Ever been strapped for cash during a pay week, but seriously needed diapers?

So long as you have a washing machine handy and the electricity is on, you’ll never run out of cloth diapers again.

We talked about annual costs earlier, and while that is great, there’s something stupendous about the peace of mind in knowing your children run zero risk of not having diapers.



potty training early

One of the reasons why it’s so difficult to potty train boys is because there’s no consequence in using disposable diapers.

SAP (super absorbent polymer) absorbs all of the wetness feeling, unless the diaper is excessively full to the point of spilling.

They don’t get the sensation of wetness that tells them, “I need to be changed.”

Believe it or not, children really enjoy being clean, and the feeling of the natural fiber liners getting wet will tell them that something isn’t right.

You’ll notice them telling you that they need a diaper change more often, and then the prospect of being potty trained will be much more appealing to them as they age.

How to use cloth diapers/reusable baby nappies/washable diapers/reusable cloth nappies

It really is much like changing a disposable diaper. Some diapers require pre-assembly of the parts in order to be ready to change. For some options you’ll use snaps or Velcro to adjust the sizing to fit your little one.

For all kinds of cloth diapers you’ll change diapers much like you would with disposables, using Velcro, snaps, or pins to fasten the clean diaper around your baby.

In addition to the above information,

  • Always close the tabs before throwing the used diaper into your diaper bag or pail, so they don’t get stuck to each other or compromise how they fasten.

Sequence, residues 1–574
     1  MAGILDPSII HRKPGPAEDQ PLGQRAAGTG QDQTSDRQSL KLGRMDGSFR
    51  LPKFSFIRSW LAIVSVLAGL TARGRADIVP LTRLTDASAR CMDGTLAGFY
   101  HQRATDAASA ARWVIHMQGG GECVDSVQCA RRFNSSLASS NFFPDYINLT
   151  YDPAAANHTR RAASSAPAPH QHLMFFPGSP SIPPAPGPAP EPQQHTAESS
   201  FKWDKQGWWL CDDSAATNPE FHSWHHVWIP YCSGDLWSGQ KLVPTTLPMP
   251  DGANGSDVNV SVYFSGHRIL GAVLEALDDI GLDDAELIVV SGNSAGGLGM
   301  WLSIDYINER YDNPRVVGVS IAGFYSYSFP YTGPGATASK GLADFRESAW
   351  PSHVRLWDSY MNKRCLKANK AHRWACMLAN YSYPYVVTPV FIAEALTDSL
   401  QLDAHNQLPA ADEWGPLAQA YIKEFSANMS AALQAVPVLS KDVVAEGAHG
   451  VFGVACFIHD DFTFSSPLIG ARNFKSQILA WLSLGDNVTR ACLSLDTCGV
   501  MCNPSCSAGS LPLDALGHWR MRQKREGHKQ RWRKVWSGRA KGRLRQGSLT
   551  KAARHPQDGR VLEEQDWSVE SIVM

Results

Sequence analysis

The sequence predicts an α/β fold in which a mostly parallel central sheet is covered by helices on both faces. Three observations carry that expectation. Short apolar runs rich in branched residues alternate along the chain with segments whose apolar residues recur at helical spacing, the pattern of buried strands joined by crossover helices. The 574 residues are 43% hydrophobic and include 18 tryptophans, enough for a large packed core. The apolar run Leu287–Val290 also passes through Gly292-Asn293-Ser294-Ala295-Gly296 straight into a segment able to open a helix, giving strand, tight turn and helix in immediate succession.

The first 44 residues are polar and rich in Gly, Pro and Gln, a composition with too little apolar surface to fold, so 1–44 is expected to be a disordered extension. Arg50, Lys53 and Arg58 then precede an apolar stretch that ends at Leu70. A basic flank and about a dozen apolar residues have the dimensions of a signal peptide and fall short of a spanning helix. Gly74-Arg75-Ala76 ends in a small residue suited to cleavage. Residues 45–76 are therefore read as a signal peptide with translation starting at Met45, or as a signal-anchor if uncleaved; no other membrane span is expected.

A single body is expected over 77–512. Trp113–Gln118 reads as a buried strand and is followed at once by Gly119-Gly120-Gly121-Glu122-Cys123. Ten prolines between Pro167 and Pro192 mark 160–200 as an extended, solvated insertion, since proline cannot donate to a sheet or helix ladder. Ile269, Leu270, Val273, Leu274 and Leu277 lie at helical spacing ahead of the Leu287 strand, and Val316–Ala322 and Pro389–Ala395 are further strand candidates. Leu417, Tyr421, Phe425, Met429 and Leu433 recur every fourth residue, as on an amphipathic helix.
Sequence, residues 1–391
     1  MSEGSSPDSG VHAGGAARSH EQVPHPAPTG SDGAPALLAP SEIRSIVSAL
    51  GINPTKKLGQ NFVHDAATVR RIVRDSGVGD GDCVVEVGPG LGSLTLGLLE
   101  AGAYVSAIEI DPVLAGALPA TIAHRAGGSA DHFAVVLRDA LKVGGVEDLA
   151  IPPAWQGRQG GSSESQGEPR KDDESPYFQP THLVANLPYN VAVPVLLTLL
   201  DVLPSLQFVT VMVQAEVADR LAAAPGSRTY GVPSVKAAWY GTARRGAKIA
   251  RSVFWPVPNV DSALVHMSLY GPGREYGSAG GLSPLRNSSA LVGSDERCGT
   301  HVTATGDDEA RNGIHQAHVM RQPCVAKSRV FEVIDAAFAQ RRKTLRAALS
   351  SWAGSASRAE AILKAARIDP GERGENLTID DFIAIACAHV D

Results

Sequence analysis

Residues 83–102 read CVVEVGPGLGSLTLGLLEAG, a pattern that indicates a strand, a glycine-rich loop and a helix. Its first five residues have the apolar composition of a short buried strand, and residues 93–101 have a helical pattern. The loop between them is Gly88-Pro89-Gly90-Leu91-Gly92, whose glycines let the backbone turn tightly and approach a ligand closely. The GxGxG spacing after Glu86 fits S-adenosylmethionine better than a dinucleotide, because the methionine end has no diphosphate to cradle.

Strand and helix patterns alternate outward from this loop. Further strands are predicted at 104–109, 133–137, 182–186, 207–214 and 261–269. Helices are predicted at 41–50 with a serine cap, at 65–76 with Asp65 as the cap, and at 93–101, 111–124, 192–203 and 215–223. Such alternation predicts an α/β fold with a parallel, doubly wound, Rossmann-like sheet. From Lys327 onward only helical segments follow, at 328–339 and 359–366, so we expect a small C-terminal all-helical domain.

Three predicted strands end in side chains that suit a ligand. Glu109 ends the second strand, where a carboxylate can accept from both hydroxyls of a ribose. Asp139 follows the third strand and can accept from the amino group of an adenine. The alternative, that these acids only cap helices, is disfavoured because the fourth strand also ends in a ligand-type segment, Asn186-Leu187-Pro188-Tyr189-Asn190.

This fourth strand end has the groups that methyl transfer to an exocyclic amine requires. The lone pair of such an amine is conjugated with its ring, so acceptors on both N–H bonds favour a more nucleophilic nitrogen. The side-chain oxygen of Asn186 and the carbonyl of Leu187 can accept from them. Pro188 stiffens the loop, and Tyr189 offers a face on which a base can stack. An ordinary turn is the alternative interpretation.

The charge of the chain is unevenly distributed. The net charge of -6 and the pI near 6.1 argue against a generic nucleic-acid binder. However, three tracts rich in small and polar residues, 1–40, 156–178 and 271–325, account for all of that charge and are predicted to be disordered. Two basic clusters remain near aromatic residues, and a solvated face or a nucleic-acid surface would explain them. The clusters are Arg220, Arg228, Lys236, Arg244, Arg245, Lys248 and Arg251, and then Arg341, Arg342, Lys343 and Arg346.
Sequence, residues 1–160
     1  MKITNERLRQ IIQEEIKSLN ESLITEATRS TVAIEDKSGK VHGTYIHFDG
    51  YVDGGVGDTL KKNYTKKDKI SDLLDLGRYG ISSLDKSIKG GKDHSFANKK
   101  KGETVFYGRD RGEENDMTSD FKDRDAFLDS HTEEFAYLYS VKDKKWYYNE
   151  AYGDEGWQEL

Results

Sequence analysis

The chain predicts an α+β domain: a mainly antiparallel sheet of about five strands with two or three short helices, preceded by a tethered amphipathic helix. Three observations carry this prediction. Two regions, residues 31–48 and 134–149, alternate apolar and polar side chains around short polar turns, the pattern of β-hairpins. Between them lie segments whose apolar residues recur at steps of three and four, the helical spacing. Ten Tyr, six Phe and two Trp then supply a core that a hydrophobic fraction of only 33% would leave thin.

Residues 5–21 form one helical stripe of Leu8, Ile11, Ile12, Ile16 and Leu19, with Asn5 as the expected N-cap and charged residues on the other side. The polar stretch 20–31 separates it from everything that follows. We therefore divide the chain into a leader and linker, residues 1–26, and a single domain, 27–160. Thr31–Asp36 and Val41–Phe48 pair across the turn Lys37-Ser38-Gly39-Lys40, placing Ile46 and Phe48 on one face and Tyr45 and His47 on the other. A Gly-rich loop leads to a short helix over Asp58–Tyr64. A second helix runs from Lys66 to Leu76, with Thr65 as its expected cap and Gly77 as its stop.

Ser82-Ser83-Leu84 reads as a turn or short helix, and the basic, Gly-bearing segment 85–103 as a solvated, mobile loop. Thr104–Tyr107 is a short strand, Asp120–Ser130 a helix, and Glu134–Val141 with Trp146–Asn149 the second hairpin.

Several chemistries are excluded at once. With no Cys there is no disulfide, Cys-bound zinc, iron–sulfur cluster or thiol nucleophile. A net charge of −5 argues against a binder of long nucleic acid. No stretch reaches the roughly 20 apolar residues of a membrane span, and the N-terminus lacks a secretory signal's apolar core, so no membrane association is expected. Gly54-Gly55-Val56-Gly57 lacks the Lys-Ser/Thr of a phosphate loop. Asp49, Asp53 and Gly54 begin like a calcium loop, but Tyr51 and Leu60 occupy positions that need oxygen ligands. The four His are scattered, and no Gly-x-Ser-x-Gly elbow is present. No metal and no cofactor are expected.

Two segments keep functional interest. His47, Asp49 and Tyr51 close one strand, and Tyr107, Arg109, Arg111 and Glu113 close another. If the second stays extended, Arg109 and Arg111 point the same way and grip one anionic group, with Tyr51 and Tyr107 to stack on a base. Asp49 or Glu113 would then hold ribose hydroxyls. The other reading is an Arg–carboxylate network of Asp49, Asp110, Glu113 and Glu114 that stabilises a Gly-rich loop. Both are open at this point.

• Any snaps along the top of the diaper are used to adjust the waistline.
  • Any snaps down the front of the diaper make the diaper as big (long) or as small (short) as is needed.
  • Cloth diapers hang down or feel stiff when they need to be changed.
  • You should change cloth diapers every 2 hours to avoid rashes.

Before washing the diapers, check the product packaging or look at the company’s website for any recommended washing guidelines because many cloth diaper companies provide precise instructions, which must be followed in order to receive any given warranties if things go awry.

For a detailed explanation, check out How to Wash Cloth Diapers: A Simple Starter Guide. The basic steps to washing cloth diapers include:

  1. Remove any solid waste from the diaper, prefold, or insert by spraying the diaper down with water. Or you can also swish the soiled diaper around in the toilet bowl.
  2. Put the rinsed-off diaper in a bag or pail with other soiled diapers until you’re ready to wash them.
  3. Wash the dirty diapers (no more than 12 to 18 at a time) every day, or every other day, to avoid staining and mildew. You’ll want to do a cold cycle first, no detergent, and then a hot cycle with detergent. Line dry for optimal results.

If all of this sounds a bit overwhelming, don’t fear. The internet abounds with social media groups dedicated to cloth diapering. In-the-know parents share tips, tricks, folds, secrets to washing, and more.